We need a joined-up approach to tackle these issues at central and local government levels. I believe that worthwhile analysis of the strengths and weaknesses of the economy at local level should inform decision-making. Going forward, such detailed economic analysis should be conducted on a cross-Border and all-Ireland basis. It should run in a complementary manner to the worthwhile work of the shared island unit.
We have many challenges in the Border region but there are also opportunities. We should have and need to develop new areas for economic and social development. I believe we need national and regional strategies. I often talk in this House about the need for infrastructural development in counties such as Cavan and Monaghan. We also have an enormous resource in social and educational infrastructure. We can cater for a growth in population because we have the voluntary and sporting infrastructure. In most cases, we also have the educational infrastructure. We may need expansion in areas such as roads and broadband but I believe that while we must tackle particular challenges, there are also opportunities that we must seize. We must do it in a regional, well thought-out and focused way.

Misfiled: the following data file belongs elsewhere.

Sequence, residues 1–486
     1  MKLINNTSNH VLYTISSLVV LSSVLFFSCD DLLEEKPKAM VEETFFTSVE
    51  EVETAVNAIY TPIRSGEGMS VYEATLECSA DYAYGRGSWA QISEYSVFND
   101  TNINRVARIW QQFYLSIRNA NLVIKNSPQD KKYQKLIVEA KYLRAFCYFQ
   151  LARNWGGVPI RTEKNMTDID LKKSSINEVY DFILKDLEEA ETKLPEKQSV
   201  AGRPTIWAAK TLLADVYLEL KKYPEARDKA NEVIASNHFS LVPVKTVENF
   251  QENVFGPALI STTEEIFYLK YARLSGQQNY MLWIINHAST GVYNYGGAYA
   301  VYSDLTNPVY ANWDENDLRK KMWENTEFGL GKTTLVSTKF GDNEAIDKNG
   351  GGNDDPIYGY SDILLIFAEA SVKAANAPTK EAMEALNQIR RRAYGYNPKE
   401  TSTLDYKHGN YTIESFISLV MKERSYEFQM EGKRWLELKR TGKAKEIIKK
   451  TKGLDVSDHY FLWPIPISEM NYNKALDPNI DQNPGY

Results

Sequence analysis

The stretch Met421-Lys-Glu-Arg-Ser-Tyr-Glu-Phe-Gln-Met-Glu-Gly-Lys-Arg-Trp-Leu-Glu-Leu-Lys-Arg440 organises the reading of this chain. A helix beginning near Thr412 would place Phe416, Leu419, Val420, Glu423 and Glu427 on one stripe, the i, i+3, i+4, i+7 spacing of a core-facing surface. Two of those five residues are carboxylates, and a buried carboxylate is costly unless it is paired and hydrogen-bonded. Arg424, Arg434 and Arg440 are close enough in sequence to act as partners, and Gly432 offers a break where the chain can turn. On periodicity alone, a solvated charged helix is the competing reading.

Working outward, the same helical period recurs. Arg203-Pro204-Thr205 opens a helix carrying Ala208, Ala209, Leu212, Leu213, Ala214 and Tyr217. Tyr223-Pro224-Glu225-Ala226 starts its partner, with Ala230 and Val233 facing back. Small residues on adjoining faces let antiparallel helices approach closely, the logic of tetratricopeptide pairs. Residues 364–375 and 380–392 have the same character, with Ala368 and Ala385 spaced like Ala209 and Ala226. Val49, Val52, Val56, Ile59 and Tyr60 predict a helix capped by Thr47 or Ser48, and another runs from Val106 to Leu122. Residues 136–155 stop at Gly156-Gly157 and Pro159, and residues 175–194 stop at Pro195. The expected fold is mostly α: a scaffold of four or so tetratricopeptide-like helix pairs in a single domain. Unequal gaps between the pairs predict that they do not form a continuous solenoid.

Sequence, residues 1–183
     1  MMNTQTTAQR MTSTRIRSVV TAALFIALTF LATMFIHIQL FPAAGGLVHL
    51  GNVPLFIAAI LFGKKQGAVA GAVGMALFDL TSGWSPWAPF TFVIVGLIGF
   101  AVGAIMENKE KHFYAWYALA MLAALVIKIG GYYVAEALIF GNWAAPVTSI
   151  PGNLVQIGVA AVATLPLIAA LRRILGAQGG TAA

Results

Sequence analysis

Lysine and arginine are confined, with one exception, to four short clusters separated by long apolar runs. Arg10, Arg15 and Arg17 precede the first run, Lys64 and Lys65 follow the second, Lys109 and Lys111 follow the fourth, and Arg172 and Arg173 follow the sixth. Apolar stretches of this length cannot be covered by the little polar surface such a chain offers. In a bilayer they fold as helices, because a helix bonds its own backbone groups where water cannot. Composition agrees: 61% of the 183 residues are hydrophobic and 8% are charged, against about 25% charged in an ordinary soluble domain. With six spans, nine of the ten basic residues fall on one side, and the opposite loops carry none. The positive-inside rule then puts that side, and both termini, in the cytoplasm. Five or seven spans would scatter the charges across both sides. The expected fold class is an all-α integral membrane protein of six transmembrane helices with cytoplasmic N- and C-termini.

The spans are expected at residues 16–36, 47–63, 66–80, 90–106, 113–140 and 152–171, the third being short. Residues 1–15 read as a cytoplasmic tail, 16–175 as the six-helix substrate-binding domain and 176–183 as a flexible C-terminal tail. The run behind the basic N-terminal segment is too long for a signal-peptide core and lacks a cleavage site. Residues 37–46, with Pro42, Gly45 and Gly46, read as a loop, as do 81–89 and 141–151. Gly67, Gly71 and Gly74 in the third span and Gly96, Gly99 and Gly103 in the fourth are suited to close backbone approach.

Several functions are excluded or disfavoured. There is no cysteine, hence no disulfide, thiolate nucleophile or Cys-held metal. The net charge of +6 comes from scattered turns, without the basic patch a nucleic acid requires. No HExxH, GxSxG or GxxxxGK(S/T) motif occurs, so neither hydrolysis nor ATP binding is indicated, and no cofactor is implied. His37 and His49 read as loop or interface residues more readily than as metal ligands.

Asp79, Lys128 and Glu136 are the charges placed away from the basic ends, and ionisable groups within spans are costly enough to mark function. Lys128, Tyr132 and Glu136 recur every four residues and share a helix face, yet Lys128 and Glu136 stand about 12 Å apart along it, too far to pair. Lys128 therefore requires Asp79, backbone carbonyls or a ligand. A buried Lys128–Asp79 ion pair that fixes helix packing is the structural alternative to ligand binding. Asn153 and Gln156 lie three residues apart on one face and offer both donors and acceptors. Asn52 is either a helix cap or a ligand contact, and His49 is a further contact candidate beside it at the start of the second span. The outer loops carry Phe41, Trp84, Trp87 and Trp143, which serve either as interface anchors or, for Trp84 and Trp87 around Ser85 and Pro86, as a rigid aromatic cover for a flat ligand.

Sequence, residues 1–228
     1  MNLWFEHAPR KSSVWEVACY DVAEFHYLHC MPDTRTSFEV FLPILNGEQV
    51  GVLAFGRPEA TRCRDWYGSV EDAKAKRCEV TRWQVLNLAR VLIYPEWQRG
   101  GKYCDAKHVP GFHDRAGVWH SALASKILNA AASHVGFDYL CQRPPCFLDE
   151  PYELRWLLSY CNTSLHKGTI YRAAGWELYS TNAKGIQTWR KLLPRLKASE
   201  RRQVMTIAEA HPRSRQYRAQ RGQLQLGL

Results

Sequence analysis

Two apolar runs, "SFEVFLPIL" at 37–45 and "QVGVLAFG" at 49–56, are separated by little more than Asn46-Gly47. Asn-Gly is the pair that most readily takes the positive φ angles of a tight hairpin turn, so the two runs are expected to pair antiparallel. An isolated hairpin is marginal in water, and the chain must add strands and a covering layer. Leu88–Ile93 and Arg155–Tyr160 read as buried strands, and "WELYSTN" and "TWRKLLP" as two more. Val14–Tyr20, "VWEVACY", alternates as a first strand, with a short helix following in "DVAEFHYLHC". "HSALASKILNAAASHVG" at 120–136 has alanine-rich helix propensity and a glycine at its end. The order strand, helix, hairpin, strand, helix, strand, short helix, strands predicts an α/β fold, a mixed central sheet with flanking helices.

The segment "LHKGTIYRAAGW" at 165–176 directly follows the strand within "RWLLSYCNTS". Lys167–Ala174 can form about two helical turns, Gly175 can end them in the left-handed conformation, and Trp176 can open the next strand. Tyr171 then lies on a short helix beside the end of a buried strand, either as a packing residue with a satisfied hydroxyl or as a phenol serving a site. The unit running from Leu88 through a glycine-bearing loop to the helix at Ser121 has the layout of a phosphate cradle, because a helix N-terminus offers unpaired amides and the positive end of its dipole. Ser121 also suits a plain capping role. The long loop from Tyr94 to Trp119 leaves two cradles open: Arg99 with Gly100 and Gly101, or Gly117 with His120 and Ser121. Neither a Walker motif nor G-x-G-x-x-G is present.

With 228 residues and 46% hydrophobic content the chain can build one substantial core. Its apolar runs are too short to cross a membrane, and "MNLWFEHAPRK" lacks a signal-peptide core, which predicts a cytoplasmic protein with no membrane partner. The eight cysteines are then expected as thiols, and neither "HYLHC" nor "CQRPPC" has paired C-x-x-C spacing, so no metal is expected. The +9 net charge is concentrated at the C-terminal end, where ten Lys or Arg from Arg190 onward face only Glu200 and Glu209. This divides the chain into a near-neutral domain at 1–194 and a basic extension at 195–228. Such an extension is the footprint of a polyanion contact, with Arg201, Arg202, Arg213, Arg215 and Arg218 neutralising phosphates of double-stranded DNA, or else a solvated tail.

NESC has done quite a lot of work on the area of good employment and what that should be. I have raised with the Taoiseach on a number of occasions, as have others and advocates in the areas of arts, film and cultural works, the distinct lack of good work. Film relief under section 481 contains a legal requirement for quality employment but, as NESC points out, that is not defined.
I will give the Taoiseach a couple of instances of where he needs to do something about this, because this is public money. I watched a video last night about a film worker who was protesting with other film workers outside the location of the shooting of "Vikings: Valhalla" by one of the biggest recipients of public money. This is somebody who worked in film for 40 years but is not working now on "Vikings: Valhalla". He had worked on all the previous "Vikings" series but is not working on this. He said he was blacklisted along with other workers because they had pointed out at an Oireachtas joint committee meeting in 2018 that all this public money was not leading to quality employment and training and there were virtually no proper jobs or any sort of job security or pension entitlements for workers in the film industry. These workers are being blacklisted from working.